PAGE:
January 23, 2018

Low-flying rocks

From Stuff The Herald‘Potentially hazardous’ asteroid heading towards Earth at 108,800km/h, and in the story

It is the largest space rock to brush past our planet this year and previous research has found a rock of this size could plunge Earth into a mini-ice age if it hit.

The impact would cause average temperatures around the world to fall by as much as 8°C, according to a 2016 study on the effects of a collision with a 0.6-mile-wide (1km) asteroid.

“These would not be pleasant times,” Charles Bardeen, of the National Center for Atmospheric Research, said during a presentation at the American Geophysical Union (AGU).

In the “worst case scenario”, soot would remain in the atmosphere for around 10 years, while dust take six years to settle back on Earth.

Fortunately Nasa does not think this asteroid will collide with Earth.

NASA would put that more strongly. From NASA/JPL Asteroid WatchAsteroid 2002 AJ129 to Fly Safely Past Earth February 4,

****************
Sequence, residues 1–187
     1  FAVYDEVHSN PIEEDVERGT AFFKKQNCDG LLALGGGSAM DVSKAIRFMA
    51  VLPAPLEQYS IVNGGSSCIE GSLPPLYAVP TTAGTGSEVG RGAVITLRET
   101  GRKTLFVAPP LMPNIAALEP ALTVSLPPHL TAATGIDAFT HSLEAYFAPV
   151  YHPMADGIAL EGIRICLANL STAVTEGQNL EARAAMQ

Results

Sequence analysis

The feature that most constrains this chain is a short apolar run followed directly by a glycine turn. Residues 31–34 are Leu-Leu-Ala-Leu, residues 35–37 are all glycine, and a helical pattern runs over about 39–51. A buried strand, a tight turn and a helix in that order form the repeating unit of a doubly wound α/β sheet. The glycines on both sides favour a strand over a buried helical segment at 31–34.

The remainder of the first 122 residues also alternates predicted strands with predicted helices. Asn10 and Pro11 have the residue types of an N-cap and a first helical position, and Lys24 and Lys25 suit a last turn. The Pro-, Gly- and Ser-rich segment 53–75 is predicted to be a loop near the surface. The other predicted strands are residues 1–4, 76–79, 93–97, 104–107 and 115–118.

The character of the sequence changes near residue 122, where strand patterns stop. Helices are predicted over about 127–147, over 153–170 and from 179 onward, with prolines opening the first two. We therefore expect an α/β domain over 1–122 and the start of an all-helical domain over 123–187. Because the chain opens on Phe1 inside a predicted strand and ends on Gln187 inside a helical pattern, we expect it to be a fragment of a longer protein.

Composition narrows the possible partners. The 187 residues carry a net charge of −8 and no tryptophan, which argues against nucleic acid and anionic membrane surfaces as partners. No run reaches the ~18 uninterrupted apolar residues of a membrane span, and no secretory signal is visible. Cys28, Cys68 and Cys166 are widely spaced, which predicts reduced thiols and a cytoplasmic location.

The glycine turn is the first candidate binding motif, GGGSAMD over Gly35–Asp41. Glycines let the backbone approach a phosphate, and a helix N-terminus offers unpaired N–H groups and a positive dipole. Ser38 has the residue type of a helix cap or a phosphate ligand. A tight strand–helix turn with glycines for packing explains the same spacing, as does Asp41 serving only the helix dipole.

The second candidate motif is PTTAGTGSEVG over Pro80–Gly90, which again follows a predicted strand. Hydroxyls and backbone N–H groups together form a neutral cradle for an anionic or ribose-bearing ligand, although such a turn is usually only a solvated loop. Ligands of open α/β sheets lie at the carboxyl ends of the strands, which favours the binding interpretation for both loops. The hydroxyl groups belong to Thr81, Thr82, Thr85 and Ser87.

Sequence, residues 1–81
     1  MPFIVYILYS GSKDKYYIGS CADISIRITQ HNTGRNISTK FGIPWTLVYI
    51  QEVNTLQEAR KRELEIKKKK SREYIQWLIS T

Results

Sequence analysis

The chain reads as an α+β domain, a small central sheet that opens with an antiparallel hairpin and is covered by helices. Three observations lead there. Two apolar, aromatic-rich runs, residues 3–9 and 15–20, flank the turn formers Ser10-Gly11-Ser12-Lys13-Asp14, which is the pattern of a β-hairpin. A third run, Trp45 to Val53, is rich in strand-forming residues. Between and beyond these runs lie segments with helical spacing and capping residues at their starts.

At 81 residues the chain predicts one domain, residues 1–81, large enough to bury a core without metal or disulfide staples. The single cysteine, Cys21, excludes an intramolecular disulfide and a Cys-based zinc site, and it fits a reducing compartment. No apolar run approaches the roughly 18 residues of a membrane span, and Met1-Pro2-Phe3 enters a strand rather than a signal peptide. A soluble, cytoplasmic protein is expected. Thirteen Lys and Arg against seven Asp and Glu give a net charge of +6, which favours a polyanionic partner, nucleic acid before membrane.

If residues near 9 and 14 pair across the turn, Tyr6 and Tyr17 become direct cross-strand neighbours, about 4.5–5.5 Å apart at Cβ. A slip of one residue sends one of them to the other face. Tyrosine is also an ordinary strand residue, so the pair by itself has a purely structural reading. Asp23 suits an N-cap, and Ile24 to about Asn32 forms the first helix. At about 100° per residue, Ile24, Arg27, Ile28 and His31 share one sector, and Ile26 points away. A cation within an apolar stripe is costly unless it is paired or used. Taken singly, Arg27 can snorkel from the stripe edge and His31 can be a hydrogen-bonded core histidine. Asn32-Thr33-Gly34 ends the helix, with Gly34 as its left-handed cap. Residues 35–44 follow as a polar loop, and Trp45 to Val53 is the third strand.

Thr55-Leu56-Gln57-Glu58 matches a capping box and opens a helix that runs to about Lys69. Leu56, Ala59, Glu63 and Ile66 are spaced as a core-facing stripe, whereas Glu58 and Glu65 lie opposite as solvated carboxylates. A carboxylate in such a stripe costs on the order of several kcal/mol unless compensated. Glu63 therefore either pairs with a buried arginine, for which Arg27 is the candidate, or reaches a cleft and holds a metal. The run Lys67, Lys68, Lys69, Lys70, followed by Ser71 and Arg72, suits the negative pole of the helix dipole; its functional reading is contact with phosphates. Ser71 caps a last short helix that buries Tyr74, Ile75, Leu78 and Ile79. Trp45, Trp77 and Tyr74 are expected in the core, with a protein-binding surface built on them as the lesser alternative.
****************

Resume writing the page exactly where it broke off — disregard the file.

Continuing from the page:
At the time of closest approach, the asteroid will be no closer than 10 times the distance between Earth and the Moon (about 2.6 million miles, or 4.2 million kilometers).

“We have been tracking this asteroid for over 14 years and know its orbit very accurately,” said Paul Chodas, manager of NASA’s Center for Near-Earth Object Studies at the Jet Propulsion Laboratory, Pasadena, California. “Our calculations indicate that asteroid 2002 AJ129 has no chance – zero – of colliding with Earth on Feb. 4 or any time over the next 100 years.”

The @asteroidwatch twitterwallah is off because of the government shutdown, but was relatively patiently answering Twitter questions in both English and Spanish until Friday.

Part of the problem is that NASA uses “potentially hazardous” for any asteroid approaching within 1/20th of the distance to the sun, because these are the ones they want to track to be sure that they aren’t actually hazardous.  It’s an unfortunate term because it sounds dangerous when it isn’t.




Thomas Lumley (@tslumley) is Professor of Biostatistics at the University of Auckland. His research interests include semiparametric models, survey sampling, statistical computing, foundations of statistics, and whatever methodological problems his medical collaborators come up with. He also blogs at Biased and Inefficient See all posts by Thomas Lumley »